After the United Nations Educational, Scientific and Cultural Organization (UNESCO) voted on October 31 to admit Palestine as a full member-state to the organization, the U.S. defunded UNESCO in accordance with a U.S. law from 1990.
The law restricts funding to any United Nations organization that accepts Palestine as a full member before an Israeli-Palestinian peace deal. With the Palestinian Authority (PA) actively seeking membership in U.N. organizations, the UNESCO rebuff could mark a U.S. trend in defunding other U.N. organizations. Blanket application of the law is of particular concern because it could lead the U.S. to defund organizations that directly contribute to U.S. and global security, especially the International Atomic Energy Agency (IAEA).
After failing to secure an expedient vote in the U.N. Security Council on Palestinian statehood, the PA applied for membership at UNESCO. Ibrahim Khraishi, a Palestinian official at the U.N. in Geneva, told the Associated Press, “[w]e are working on [membership], one by one” to gain greater recognition for an internationally recognized Palestinian state at the U.N.
White House spokesperson Jay Carney said of the move: “Today’s vote at UNESCO to admit the Palestinian Authority is premature and undermines the international community’s shared goal of a comprehensive, just and lasting peace in the Middle East.”
The next international organizations to vote on whether to admit Palestine as a full member could be the World Health Organization and IAEA.
If Palestine receives membership in the IAEA and the U.S. defunds the organization, the IAEA would be severely weakened. U.S. contributions account for a substantial portion of the IAEA’s funding, without which the IAEA would be forced to reduce the number of inspectors it sends worldwide to ensure that nuclear technology is not used for nuclear weapons. It would have to scale back efforts to improve the safety and security of nuclear energy plants after the crisis at Fukushima. Moreover, the U.S. would be diminishing the potency of a long-time bulwark against Iranian nuclear aspirations and depriving itself of information on Iran that is vital to national security.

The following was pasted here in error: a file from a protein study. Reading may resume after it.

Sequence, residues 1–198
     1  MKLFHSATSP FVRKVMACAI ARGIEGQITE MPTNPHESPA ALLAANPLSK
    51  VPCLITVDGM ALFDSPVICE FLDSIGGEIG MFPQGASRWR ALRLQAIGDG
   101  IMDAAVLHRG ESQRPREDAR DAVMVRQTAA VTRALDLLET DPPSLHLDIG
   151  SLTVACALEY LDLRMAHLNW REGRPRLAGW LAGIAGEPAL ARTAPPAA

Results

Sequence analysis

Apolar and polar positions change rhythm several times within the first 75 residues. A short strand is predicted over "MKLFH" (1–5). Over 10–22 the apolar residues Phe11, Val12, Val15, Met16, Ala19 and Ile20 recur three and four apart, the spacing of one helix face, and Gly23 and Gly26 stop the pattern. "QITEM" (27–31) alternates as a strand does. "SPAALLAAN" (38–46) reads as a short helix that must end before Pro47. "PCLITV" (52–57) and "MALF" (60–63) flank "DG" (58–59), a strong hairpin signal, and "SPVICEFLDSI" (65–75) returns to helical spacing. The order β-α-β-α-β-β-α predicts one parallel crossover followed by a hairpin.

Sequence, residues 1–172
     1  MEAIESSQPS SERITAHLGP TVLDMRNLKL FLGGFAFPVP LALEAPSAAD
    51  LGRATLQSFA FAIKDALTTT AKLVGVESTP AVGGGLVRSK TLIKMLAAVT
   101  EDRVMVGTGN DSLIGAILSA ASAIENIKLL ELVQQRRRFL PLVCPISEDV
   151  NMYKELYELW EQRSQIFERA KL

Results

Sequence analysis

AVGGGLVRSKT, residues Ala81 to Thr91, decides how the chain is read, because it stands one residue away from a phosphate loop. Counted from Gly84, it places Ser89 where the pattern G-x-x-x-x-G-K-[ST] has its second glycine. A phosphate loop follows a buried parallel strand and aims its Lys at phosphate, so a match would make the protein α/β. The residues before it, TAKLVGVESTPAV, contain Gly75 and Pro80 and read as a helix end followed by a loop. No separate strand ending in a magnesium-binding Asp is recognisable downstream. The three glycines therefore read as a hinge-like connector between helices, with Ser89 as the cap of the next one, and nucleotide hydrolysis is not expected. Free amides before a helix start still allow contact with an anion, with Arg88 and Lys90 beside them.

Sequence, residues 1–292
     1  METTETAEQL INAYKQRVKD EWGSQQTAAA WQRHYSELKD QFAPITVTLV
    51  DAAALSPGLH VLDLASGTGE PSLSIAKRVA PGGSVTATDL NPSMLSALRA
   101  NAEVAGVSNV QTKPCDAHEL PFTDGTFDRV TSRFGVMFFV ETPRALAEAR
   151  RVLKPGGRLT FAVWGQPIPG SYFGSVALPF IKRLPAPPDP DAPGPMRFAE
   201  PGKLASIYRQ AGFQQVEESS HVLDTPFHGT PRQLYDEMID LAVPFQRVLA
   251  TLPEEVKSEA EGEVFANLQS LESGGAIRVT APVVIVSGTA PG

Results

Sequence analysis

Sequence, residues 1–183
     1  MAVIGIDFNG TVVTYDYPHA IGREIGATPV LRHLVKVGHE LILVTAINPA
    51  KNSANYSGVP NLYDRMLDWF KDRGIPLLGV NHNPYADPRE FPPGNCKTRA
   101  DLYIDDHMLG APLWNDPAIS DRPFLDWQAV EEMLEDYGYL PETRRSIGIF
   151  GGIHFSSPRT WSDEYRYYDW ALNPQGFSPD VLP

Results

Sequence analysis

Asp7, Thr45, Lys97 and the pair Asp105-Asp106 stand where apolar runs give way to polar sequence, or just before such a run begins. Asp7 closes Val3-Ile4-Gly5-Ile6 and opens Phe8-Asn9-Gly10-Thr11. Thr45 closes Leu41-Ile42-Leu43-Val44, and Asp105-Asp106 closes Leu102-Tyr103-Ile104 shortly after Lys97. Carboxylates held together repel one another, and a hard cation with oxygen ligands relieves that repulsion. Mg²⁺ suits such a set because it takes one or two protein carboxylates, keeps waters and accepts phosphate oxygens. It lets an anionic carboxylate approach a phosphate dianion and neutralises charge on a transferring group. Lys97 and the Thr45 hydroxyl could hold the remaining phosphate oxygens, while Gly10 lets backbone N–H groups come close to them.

Troubled, the National Security Network’s Heather Hurlburt wrote: “The IAEA is days away from presenting its latest report on Iran’s nuclear activities, and it would seem that Washington’s real priority ought to be garnering global support for a unified response [against Iran’s nuclear program]…”
Instead, the U.S. is weakening its global influence, jeopardizing its national security and guaranteeing its dismissal from the IAEA if it does not reverse the decision within two years. As Hurlburt wrote, “[it] makes you wonder whether Iran’s hard-liners aren’t secretly cheering every shadowboxing move we make.”
Though many Congressional supporters of the law admit that it could severely weaken U.N. organizations and U.S. national interests, they argue that organizations that grant membership to Palestine must be punished. Lindsey Graham (R-SC), a leading Republican Senator, affirmed that “[t]his could be catastrophic for the U.S.-UN relationship…What you are going to do is eventually lose congressional support for our participation in the United Nations…That would be a great loss.” Yet Sen. Graham is currently introducing legislation that would require the U.S. to withdraw from – not just defund –UNESCO and any international organization that recognizes Palestine as a member.
Republican and Democratic members of Congress seem unlikely to repeal or attempt to revise this law despite its failings. Congress can and should attempt to create a waiver, at the very least, that would allow the President to make exceptions for organizations such as the IAEA.
Otherwise, Congress seems to be cutting off its proverbial nose to spite U.S. national security.